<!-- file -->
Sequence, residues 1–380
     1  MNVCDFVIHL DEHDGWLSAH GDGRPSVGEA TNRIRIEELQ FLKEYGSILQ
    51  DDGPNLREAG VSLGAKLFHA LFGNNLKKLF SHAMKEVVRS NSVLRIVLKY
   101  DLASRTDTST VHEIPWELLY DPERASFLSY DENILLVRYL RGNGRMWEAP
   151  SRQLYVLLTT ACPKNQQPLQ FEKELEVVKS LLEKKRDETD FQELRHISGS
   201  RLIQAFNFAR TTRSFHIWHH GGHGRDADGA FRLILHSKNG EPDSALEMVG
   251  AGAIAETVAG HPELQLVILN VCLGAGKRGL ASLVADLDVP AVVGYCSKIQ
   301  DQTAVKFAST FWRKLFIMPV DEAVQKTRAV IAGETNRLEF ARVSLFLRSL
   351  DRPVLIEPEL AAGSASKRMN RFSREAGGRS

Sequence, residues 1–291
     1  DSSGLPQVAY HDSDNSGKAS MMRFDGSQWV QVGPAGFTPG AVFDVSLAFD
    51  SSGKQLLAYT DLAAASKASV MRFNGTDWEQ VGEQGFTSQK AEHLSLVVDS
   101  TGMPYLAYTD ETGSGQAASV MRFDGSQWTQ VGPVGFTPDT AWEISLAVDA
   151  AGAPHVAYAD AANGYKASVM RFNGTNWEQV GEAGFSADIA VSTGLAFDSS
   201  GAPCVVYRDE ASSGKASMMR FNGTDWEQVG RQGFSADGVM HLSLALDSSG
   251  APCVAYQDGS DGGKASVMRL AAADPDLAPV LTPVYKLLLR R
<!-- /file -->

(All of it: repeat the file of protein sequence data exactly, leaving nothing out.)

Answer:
Sequence, residues 1–380
     1  MNVCDFVIHL DEHDGWLSAH GDGRPSVGEA TNRIRIEELQ FLKEYGSILQ
    51  DDGPNLREAG VSLGAKLFHA LFGNNLKKLF SHAMKEVVRS NSVLRIVLKY
   101  DLASRTDTST VHEIPWELLY DPERASFLSY DENILLVRYL RGNGRMWEAP
   151  SRQLYVLLTT ACPKNQQPLQ FEKELEVVKS LLEKKRDETD FQELRHISGS
   201  RLIQAFNFAR TTRSFHIWHH GGHGRDADGA FRLILHSKNG EPDSALEMVG
   251  AGAIAETVAG HPELQLVILN VCLGAGKRGL ASLVADLDVP AVVGYCSKIQ
   301  DQTAVKFAST FWRKLFIMPV DEAVQKTRAV IAGETNRLEF ARVSLFLRSL
   351  DRPVLIEPEL AAGSASKRMN RFSREAGGRS

Sequence, residues 1–291
     1  DSSGLPQVAY HDSDNSGKAS MMRFDGSQWV QVGPAGFTPG AVFDVSLAFD
    51  SSGKQLLAYT DLAAASKASV MRFNGTDWEQ VGEQGFTSQK AEHLSLVVDS
   101  TGMPYLAYTD ETGSGQAASV MRFDGSQWTQ VGPVGFTPDT AWEISLAVDA
   151  AGAPHVAYAD AANGYKASVM RFNGTNWEQV GEAGFSADIA VSTGLAFDSS
   201  GAPCVVYRDE ASSGKASMMR FNGTDWEQVG RQGFSADGVM HLSLALDSSG
   251  APCVAYQDGS DGGKASVMRL AAADPDLAPV LTPVYKLLLR R